How Predictive Maintenance Can Extend Manufacturing Equipment Lifecycles

Aug 20, 2021 6:00:00 PM / by PlantStar Team


Manufacturing is a highly competitive industry. Suppliers make significant investments in plant equipment and try to maximize their return on such assets. One challenge has been trying to determine when to service the plant devices. Through the years, three different approaches emerged, and predictive maintenance now delivers the strongest Return on Investment (ROI).

Equipment is vital to manufacturing operations, but it is flawed. Sometimes, apparatus breaks down, production lines grind to a halt, and vendors lose money — lots of money. In fact, a study found that equipment failures accounted for 42% of all downtime and cost U.S. industrial manufacturers $50 billion annually.


A Troika of Choices

In response, vendors developed different maintenance processes designed to extend their equipment’s lives. Three popular options are Run-to-Failure (RTF), Preventative Maintenance, and Predictive Maintenance.

RTF is a reactive strategy, which is sometimes called “Fit and Forget”. The company does not repair an asset until a failure occurs. In fact, no maintenance tasks are performed on any asset, only repairs once it goes caput.

This approach has been popular. In fact, more than half of US companies (55%) rely on RTF to service their gadgets.

This approach often seems cost-effective. However, the inconsistent nature of breakdowns makes it hard to prepare both available labor and parts for repairs, resulting in unplanned expenses, lost productivity, overtime expenses, and a dubious reliance on spare part availability. As a result, other approaches have been gaining traction.


A Proactive Rather than Reactive Approach to Equipment Maintenance

The next two maintenance options are proactive, designed to service equipment before it breaks down. Preventive maintenance involves regularly performed, planned maintenance. Updating tasks are scheduled based on either set time intervals or equipment trigger points, such as a conveyor belt whirling for the 1,000 cycles.

The idea is to tune the device before it is about to fail. Theoretically, checking, cleaning, and maintaining equipment periodically increases an asset’s life span. Therefore, it becomes more reliable and extends its usability.

This approach seems logical, but how effective it is is an open question. Breakdowns often follow an intermittent rather than a set schedule. In fact, a study by Boeing found that 85% of all equipment failed randomly no matter what preventive maintenance measures were applied to them. Given that, many manufacturers are turning to predictive maintenance.


What is Predictive Maintenance? 

Predictive maintenance starts by collecting device performance information. The advent of intelligent sensors, via the Internet of Things, enables suppliers to collect such data as their apparatus functions.

In addition, Manufacturing Execution System (MES) systems gather a wide range of performance data. They note items, like Cycle Time, Shot Size, Injection Pressure, Hold Pressure, Hold Time, Cushion, and Position. Production data including Machine and Tool Cycles, Good and Bad Part Counts, Up Time and Down Time, Reject, Assist and Downtime Events.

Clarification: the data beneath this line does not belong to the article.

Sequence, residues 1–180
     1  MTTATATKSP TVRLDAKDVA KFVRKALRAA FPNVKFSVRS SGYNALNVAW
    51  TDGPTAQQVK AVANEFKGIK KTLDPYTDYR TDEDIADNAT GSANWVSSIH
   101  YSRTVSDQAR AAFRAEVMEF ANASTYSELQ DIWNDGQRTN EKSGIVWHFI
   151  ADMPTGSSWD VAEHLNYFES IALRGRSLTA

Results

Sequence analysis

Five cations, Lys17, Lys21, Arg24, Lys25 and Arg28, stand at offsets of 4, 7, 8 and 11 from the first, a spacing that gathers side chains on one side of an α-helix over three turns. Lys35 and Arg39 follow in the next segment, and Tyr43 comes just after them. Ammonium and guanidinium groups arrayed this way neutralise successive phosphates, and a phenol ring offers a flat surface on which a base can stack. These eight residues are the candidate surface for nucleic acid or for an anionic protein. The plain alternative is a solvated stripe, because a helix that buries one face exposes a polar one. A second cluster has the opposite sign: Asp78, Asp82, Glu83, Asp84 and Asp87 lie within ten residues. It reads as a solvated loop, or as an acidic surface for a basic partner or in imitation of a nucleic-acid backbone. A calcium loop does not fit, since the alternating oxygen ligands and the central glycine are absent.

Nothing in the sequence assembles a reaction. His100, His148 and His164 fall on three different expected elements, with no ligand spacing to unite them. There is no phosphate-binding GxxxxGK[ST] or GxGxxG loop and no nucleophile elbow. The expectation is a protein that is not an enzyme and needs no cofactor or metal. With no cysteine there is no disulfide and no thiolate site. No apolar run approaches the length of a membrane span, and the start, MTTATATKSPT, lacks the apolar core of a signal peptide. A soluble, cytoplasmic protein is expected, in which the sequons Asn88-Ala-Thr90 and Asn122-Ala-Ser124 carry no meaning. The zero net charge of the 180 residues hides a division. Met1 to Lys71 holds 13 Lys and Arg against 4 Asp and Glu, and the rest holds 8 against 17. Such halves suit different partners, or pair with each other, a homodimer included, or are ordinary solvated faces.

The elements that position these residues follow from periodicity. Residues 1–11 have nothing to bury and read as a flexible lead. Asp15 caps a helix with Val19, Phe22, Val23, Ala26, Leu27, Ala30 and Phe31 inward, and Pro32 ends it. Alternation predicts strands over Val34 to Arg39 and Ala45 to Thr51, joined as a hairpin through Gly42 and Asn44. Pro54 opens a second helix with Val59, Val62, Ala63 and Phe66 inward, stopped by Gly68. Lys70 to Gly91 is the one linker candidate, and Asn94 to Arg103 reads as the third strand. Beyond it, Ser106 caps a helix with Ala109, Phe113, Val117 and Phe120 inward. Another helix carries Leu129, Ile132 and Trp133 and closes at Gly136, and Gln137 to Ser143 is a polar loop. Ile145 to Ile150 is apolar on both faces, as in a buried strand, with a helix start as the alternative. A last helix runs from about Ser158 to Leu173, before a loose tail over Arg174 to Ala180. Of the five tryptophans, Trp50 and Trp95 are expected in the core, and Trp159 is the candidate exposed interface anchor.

Artificial intelligence and machine learning and data analytics gauge an asset’s typical efficiency and wear and tear based on items, like vibration analysis, oil analysis, and thermal imaging. The software then creates predictive models based on algorithms that outline trends that identify when an asset will need to be repaired or retired before, rather than on or after, its due date. Such information can be correlated to devices over time, so machinery lifecycles are lengthened, and downtime lowered.


Predictive Maintenance Saves Money

Data from the U.S. Department of Energy indicates that predictive maintenance is extremely cost effective. Putting a functional predictive maintenance program in place can yield a tenfold increase in ROI, 25%-30% reduction in maintenance costs, 70%-75% decrease of breakdowns and 35%-45% reduction in downtime.

Some businesses have already reaped such benefits. UPS manages over 55,000 drivers and more than 100,000 vehicles globally. The delivery company collected over 16 petabytes of data, including information about engine performance and the condition of the vehicles as well as speed, number of stops, mileage, and miles per gallon. UPS predictive maintenance program saved the company millions of dollars by reducing breakdowns and extending the equipment life for their fleet of trucks.

Manufacturers are under intense pressure to squeeze as much ROI as they can out their plant equipment. How to maintain such devices so they meet that objective has been an evolving area of debate. Leveraging information from MES solutions, they can now apply new software technology to extend the equipment, lower downtime, improve production runs, and boost the company’s profit margins.

To discover other benefits of MES systems, check out the articles below, or visit our blog.